Exponent

Editorial: The state of college writing

Writing is an essential 21st-Century tool for universities.

Elizabeth Kaiser graphic.

Elizabeth Kaiser graphic.

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It can be easy, particularly in the context of a STEM-heavy university, to dismiss the importance of writing. The “STEM shortage” has re-oriented the focus of higher education, resulting in drastic curricular changes at universities across the nation. With the increasingly standardized K-12 curriculum, it has become more difficult to devote time to writing instruction.

The result of this is negative attitudes towards writing–and I don’t blame students for that. The five-paragraph essay is completely inadequate at best, and at worst, it trains students to write in restrictive, and often torturous, ways. I often get students who “hate writing”, and I can hear the years of outlines, brainstorming and transition phrases swimming through their heads.

Email. Twitter. Text. Students are writing more and more, but it just looks different than what they’re taught. They’re even combining text and visuals on a daily basis; Instagram stories are an excellent example of this. 

Writing is a highly marketable and valuable skill. Both the mechanical and electrical engineering programs expect students to develop the “ability to communicate effectively” as part of their Student Outcomes. Writing is a key part of communication, and should not be overlooked.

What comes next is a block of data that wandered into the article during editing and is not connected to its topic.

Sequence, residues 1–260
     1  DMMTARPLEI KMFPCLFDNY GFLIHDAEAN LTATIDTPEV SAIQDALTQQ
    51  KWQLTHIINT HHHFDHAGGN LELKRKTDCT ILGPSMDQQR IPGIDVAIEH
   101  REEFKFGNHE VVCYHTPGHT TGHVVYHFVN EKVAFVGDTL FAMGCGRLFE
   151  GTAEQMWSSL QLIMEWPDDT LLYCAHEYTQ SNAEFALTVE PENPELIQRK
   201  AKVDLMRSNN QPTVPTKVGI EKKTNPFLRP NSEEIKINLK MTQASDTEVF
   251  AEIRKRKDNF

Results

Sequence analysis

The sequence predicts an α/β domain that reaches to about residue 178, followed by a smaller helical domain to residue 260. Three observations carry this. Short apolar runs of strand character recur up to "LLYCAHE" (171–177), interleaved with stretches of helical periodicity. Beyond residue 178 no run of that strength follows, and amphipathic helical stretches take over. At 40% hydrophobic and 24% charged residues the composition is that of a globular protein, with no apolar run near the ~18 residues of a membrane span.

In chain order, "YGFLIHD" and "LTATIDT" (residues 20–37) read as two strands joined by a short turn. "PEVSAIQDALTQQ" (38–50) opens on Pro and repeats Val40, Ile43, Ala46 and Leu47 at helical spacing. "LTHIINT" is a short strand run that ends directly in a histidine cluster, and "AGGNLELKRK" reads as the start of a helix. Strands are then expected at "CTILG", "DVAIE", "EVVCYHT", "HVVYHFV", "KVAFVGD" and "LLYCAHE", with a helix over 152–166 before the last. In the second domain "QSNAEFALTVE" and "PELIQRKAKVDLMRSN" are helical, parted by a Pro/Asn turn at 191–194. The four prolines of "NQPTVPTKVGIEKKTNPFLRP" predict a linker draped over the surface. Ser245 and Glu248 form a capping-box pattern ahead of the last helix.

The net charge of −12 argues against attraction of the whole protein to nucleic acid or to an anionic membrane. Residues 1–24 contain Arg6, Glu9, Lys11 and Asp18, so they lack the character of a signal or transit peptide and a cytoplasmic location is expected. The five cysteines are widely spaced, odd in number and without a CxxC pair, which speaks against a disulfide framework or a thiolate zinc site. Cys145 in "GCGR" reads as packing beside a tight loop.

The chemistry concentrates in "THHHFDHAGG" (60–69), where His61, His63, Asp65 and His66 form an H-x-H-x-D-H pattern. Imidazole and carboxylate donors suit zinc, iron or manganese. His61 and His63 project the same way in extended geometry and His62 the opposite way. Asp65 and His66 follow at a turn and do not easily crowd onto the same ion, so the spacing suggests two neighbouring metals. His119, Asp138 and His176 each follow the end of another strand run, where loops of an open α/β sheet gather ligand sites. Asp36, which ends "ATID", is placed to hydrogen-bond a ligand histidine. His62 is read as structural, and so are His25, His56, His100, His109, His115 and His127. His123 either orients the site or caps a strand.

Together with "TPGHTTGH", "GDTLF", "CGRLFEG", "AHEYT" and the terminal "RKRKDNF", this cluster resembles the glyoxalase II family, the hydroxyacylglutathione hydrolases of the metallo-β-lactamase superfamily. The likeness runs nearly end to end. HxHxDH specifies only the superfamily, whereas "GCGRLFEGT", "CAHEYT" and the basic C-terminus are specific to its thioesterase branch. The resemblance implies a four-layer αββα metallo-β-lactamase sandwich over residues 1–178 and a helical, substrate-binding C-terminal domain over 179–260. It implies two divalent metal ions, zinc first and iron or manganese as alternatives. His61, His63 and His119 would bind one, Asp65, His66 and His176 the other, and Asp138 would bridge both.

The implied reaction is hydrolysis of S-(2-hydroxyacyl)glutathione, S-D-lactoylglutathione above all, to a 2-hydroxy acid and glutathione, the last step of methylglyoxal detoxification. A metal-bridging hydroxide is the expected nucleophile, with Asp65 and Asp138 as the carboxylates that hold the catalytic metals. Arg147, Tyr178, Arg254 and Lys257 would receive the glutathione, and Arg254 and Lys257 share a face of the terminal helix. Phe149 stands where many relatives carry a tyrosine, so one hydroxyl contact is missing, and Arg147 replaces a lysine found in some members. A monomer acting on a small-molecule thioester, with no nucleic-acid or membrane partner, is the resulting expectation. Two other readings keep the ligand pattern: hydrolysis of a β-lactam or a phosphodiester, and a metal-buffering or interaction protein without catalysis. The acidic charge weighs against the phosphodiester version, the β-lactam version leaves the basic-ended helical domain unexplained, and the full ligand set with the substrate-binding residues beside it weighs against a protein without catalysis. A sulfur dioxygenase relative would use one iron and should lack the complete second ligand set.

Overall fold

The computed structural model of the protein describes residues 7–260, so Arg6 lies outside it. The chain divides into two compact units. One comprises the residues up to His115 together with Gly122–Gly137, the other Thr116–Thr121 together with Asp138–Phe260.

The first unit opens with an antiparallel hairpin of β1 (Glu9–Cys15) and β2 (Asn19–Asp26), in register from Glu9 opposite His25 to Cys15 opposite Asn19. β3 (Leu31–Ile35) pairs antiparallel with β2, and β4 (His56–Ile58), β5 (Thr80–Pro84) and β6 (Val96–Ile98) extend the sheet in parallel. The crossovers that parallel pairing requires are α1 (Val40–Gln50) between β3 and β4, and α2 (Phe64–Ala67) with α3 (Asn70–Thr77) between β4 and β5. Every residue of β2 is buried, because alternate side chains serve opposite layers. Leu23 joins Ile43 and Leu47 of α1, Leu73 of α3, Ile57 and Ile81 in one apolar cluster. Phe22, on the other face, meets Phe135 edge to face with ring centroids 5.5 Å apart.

With the Exponent, we rely on a multitude of software and platforms in order to both publish the paper and engage with our readers. InDesign, Lightroom, Facebook and Twitter are all parts of the machine that is our beloved newspaper, and by using these tools, our students learn to engage critically with this multimodal writing in a way that will prepare them for their future careers. 

I would argue that writing is equally as important for students across campus. The act of writing teaches us to engage with our subject, envision our audience and context and respond appropriately. Writing is more than just proofreading and editing: it’s connecting and messaging.

The next time you think of writing as a chore, look at your phone. Check your email outbox. Read your texts, tweets and posts. Chances are, you’ve been doing a lot of writing this whole time.

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Editorial: The state of college writing